The new professor of digital culture and creativity at the University of Greenwich said his passion for bringing together expertise from different disciplines was his inspiration for the role. Gregory Sporton, who joins Greenwich in January from Birmingham City University, has devoted most of his academic career to researching the impact of new technology and computing on the visual and performing arts. A former professional dancer, Professor Sporton said the arts and sciences were drawn together closely by technology and there is "less differentiation than people think". He said he wanted to build a research environment at Greenwich to explore this linkage. "It is a fantastic part of London, with a culture all (of) its own: we have lots of arts organisations on our doorstep with whom we can work." At Birmingham City, he was the founding director of the Visualisation Research Unit, responsible for the development of research facilities and staff. Professor Sporton completed his undergraduate studies at the Victorian College of the Arts, Melbourne, and holds an MA and a PhD from the universities of Warwick and Sheffield, respectively. He has previously held positions at the University of Wolverhampton and the Laban Dance Centre.
Suzy Walton, a chartered scientist and occupational psychologist, has been appointed to the board of the Higher Education Funding Council for England. Dr Walton is currently deputy chair of the Royal Society for the encouragement of Arts, Manufactures and Commerce, and deputy chair of the University of Westminster's board. She has more than a decade's experience as a senior civil servant and has served in the Cabinet Office, the Prime Minister's Strategy Unit and the Ministry of Defence.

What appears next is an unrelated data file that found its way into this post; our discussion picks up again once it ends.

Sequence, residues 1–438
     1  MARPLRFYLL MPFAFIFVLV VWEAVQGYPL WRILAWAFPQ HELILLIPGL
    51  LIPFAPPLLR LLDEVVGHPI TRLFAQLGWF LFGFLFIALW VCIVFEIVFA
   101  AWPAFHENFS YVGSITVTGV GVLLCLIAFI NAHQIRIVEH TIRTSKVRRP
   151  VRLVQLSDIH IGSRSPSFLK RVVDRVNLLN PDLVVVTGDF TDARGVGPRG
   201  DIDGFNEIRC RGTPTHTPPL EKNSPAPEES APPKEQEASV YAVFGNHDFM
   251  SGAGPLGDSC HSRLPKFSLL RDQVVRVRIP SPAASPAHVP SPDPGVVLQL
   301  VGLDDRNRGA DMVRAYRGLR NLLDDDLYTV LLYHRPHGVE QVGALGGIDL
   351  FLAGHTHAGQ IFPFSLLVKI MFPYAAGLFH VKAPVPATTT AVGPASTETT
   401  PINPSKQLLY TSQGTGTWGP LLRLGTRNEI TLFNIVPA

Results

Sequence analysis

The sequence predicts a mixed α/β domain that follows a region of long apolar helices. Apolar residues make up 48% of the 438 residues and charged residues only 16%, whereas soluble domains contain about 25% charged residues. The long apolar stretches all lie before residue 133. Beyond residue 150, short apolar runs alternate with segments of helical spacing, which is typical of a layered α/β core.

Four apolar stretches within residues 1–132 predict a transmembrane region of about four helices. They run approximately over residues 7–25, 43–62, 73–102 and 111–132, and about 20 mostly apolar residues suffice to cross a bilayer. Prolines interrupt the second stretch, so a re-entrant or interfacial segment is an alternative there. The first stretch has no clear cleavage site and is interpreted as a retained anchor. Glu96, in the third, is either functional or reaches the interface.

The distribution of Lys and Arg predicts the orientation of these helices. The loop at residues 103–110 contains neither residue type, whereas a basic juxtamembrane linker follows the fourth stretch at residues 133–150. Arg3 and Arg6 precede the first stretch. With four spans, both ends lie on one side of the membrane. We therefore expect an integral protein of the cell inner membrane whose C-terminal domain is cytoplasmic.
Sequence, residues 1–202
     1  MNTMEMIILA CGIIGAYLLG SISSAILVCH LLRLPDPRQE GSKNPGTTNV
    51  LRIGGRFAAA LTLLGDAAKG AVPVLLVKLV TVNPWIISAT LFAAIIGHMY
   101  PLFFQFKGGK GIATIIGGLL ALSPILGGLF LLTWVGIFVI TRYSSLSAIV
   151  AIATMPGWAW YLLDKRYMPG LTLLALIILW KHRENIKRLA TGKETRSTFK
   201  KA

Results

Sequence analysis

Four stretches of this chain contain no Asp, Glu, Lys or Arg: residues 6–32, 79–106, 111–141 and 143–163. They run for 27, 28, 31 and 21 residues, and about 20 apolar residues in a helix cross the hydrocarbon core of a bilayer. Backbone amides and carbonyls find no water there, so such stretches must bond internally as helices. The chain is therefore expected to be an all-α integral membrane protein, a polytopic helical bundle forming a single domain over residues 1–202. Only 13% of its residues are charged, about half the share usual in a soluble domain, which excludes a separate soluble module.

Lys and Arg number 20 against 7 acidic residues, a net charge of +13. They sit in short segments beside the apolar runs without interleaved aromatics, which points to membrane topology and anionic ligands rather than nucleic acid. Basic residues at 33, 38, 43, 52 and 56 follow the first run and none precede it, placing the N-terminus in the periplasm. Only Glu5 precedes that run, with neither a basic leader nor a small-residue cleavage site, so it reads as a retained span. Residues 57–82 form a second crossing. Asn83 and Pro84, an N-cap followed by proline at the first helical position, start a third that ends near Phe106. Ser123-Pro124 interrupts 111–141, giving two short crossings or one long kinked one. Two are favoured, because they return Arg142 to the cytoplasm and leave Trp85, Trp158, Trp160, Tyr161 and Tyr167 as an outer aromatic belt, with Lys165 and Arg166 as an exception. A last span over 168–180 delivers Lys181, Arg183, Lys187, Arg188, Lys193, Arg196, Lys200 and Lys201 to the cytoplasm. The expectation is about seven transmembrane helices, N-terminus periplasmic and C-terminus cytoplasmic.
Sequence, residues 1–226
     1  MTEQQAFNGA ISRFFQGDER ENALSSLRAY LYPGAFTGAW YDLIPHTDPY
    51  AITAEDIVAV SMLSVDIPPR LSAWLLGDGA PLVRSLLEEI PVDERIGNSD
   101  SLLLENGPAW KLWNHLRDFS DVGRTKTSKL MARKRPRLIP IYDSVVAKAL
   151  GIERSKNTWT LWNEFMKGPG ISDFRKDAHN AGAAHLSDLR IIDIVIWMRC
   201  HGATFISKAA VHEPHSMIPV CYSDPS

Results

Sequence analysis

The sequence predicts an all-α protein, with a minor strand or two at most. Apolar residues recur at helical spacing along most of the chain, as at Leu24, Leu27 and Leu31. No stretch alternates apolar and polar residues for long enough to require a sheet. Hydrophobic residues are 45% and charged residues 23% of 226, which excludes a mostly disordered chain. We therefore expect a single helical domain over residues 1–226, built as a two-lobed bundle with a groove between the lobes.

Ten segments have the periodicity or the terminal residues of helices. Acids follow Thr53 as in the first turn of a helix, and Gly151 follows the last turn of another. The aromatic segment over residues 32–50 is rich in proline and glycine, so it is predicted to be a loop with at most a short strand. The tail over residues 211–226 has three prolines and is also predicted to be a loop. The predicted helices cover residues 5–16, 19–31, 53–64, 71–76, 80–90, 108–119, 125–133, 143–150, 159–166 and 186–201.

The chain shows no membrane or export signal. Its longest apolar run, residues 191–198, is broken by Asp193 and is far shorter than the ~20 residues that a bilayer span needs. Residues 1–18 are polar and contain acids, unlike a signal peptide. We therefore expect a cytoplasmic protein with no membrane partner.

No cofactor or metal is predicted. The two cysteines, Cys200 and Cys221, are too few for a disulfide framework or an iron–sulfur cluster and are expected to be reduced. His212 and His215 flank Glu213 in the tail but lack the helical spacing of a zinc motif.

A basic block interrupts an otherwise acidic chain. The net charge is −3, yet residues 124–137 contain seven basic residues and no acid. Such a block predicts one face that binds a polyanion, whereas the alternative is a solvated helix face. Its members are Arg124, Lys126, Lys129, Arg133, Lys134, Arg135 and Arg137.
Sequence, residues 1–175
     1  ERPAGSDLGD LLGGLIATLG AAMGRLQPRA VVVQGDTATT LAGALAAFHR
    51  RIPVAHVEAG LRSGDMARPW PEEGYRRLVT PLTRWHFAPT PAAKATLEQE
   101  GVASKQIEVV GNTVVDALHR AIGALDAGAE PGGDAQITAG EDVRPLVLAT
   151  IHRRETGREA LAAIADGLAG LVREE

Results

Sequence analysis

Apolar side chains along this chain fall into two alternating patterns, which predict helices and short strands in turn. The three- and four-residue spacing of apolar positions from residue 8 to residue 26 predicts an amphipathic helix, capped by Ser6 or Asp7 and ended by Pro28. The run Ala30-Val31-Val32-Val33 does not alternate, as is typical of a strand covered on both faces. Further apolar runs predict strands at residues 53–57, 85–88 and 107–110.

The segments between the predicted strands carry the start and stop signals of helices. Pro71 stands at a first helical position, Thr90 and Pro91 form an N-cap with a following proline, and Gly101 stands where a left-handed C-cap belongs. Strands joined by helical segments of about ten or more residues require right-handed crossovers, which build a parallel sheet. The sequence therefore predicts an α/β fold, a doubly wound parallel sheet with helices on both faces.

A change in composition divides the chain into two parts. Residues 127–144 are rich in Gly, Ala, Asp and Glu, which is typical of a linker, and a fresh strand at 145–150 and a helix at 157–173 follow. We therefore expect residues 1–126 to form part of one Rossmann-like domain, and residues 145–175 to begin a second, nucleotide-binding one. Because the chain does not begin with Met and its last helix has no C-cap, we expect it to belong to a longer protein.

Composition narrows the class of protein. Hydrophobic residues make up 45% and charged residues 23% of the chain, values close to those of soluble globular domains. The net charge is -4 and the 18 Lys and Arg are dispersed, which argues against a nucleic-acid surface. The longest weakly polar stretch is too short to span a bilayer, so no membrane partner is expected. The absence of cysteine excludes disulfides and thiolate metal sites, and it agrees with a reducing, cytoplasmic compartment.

Veronica Lewis, director of London Contemporary Dance School, has been awarded an honorary doctorate by the University of Kent for her services to dance and higher education. Professor Lewis has been director of the contemporary dance conservatoire since 1998. She is also joint principal of the Conservatoire for Dance and Drama, which she helped to found in 2001 to link the LCDS with other specialist performing arts centres to form a new higher education institution.
The University of Surrey has appointed an experienced senior software industry executive as professor in entrepreneurship and innovation at the business school. Prior to joining Surrey, Alan Brown was an engineer at IBM Rational software. In addition to teaching activities at Surrey, he will focus on innovation in a number of practical research areas with regard to global enterprise software delivery, agile software supply chains, and the investigation of "open commercial" software delivery models.
Newcastle University has honoured noted social campaigners with honorary degrees, highlighting their commitment to social change. Sunil and Rakesh Mittal, Shami Chakrabarti and Garry Runciman have all been awarded honorary doctorates of civil law to mark the launch of the Newcastle Institute for Social Renewal.